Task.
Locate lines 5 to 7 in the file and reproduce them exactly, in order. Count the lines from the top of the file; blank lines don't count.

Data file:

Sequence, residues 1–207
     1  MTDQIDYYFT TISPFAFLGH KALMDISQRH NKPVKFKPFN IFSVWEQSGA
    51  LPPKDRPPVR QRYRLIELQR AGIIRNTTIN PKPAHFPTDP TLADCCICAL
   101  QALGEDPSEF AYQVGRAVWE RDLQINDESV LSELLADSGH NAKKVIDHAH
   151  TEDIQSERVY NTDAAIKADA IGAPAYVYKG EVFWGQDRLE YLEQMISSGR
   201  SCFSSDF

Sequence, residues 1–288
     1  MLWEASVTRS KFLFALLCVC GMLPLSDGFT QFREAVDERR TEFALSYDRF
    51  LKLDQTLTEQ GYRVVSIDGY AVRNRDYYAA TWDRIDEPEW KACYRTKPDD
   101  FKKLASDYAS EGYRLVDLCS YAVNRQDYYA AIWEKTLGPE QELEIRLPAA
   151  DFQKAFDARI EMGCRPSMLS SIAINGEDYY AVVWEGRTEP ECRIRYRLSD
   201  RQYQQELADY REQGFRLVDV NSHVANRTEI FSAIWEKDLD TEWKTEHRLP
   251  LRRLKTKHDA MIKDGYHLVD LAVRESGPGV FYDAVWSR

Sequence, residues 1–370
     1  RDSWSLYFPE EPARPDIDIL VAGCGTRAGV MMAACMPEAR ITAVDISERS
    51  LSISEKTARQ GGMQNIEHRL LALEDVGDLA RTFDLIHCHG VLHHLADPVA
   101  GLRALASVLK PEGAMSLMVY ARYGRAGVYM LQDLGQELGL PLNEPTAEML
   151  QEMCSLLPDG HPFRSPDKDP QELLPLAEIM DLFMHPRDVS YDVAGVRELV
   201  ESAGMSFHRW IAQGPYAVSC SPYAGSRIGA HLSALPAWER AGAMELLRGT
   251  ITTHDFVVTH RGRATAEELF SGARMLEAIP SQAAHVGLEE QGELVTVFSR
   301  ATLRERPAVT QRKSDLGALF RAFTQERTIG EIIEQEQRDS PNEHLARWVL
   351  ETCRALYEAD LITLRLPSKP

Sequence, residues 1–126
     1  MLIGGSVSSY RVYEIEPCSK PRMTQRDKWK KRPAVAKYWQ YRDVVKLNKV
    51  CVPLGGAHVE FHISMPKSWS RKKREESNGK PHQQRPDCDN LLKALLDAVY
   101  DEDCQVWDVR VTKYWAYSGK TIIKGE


   151  TEDIQSERVY NTDAAIKADA IGAPAYVYKG EVFWGQDRLE YLEQMISSGR
   201  SCFSSDF

Sequence, residues 1–288